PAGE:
Rawlings v. Kentucky (1980)



On appeal Defendant, David Rawlings, argues again three issues: that he had reasonable expectation of privacy of the purse such as to challenge the legality of the searching of it, that his admission of ownership was the fruit of an illegal detention and thus inadmissible, and that the beach of his person was illegal.

On October 18, 1976, Rawlings, while visiting the home of an acquaintance, was illegal detained by police, looking unsuccessfully for another person, when they “smelled marijuana smoke and saw marijuana seeds” and made those present stay put while the officers obtained a warrant to search the house. In the 45 minutes the defendant and company were detained, the atmosphere was relatively congenial, and once the police returned with the warrant for the search of the house they read Miranda rights and improperly used the warrant to force a friend of Rawlings to dump out her purse, where various controlled substances were held. Rawlings admitted that it was his and was searched, revealing a knife and a large amount of cash.

Defendant was convicted in Kentucky for trafficking in and possession of various controlled substances. Rawlings challenged the legitimacy of the evidence obtained from the purse. The Kentucky Trial Court, the court of appeals, and the Kentucky Supreme Court all rejected his assertions, and the Supreme Court granted certiorari and ultimately affirmed.


On the first question the Court agreed with the Kentucky Supreme Court in its use of Rakas v. Illinois, where the Supreme Court abandoned a separate inquiry into a defendant’s “standing” to challenge an alleged illegal search in favor of focusing directly on whether defendant had a “legitimate expectation of privacy” in the area searched Rakas v. Illinois, 439 U.S. 128, 142 (1978). In answering whether the illegal detention renders the evidence inadmissible, the Court relies on Brown v. Illinois, in which the Supreme Court rejected a “but for” test for admissibility of confession in favor of a wholistic approach to determining whether a confession is the “product of free” will Brown v. Illinois, 422 U.S. 590, 604 (1975). Brown set up a multi factor test based on the facts with no single fact dispositive, “the temporal proximity of the arrest and confession, the presence of intervening circumstances, and, particularly, the purpose and flagrancy of the official misconduct are all relevant” Id. at 603-604.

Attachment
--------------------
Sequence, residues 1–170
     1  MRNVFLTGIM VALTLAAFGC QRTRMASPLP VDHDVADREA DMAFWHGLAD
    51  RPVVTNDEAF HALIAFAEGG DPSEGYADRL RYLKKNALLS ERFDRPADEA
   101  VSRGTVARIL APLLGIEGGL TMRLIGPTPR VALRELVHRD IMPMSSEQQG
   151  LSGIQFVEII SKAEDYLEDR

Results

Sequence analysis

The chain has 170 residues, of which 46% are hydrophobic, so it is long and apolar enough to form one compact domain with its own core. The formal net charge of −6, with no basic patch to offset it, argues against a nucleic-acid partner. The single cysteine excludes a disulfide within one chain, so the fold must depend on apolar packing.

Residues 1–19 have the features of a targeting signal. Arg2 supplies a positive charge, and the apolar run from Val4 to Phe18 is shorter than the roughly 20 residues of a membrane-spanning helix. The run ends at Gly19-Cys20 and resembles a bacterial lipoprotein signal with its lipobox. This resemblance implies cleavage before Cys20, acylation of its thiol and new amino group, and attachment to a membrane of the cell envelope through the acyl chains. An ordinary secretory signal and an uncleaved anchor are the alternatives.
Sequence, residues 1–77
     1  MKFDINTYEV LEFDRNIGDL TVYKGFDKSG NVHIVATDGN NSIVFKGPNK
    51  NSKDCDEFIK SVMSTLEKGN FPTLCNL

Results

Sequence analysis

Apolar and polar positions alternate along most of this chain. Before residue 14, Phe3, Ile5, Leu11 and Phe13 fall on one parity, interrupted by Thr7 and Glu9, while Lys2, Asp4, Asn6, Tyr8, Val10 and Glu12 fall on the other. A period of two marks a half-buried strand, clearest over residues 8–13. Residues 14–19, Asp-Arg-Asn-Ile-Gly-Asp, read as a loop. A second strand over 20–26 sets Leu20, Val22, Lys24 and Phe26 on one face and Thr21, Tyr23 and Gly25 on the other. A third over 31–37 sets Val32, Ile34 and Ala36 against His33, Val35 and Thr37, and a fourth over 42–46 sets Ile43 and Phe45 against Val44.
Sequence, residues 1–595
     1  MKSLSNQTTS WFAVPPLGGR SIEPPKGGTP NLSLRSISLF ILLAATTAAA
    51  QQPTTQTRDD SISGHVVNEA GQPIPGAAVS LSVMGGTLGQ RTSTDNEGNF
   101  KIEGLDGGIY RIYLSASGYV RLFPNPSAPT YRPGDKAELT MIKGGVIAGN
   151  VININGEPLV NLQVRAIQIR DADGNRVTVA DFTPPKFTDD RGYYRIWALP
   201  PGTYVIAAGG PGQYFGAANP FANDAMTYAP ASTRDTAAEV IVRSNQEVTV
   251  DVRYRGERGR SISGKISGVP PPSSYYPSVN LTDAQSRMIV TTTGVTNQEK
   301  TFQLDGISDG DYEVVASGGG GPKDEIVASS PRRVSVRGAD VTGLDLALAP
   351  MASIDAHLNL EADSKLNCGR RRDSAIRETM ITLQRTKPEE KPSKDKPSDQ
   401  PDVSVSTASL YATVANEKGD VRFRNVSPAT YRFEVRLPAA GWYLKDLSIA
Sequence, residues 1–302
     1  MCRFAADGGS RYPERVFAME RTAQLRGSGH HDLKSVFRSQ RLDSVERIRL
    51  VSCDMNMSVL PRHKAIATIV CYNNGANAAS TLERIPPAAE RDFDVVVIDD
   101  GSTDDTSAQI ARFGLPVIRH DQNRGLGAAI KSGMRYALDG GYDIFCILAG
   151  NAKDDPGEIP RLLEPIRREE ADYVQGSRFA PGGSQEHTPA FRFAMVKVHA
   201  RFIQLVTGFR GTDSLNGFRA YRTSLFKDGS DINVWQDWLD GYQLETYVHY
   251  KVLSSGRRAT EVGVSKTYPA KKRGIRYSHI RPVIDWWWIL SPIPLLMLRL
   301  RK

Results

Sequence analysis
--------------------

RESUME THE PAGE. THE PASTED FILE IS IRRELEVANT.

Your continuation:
For the first question, looking at the totality of the circumstances the Court held that Rawlings failed to prove this expectation. The purse was not his, and so he did not have a legitimate expectation of freedom from government search; he had not known her long or used her purse prior; and he did not take normal precautions to protect his privacy. The second question was first addressed by the Supreme Court, since the Kentucky courts conveniently failed to ever directly address the question.  Since Rawlings confessed minutes after being read his rights, the congeniality of the scene, and that the misconduct did not arise to the level of “conscious or flagrant misconduct” requiring the evidence to be inadmissible, the Court rejected his assertion. The final question the Court instantly rejects, stating that after the confession by Rawlings that the contents of the purse were his, he was susceptible to a legal search by police.


Justice Rehnquist wrote the majority opinion, affirming the lower courts’ rulings and Rawlings’s convictions, with Justice Blackmun writing a concurring opinion disagreeing with the Court’s interpretation of Rakas, but agreeing with the conclusion. Justices White and Stewart concurred in part but wanted to send the case back down to Kentucky to have them actually address the issue of whether the evidence gained was the fruit of an illegal detention and the question of admissibility in relation. Justices Marshall and Brennan dissented, stating that the majority opinion was contrary to the 4th Amendment.

Jack Fruth
New York Law School | + posts

Jack Fruth is a first-year law student, interested in the legacy market, Delta-8 related issues and cannabis law at New York Law School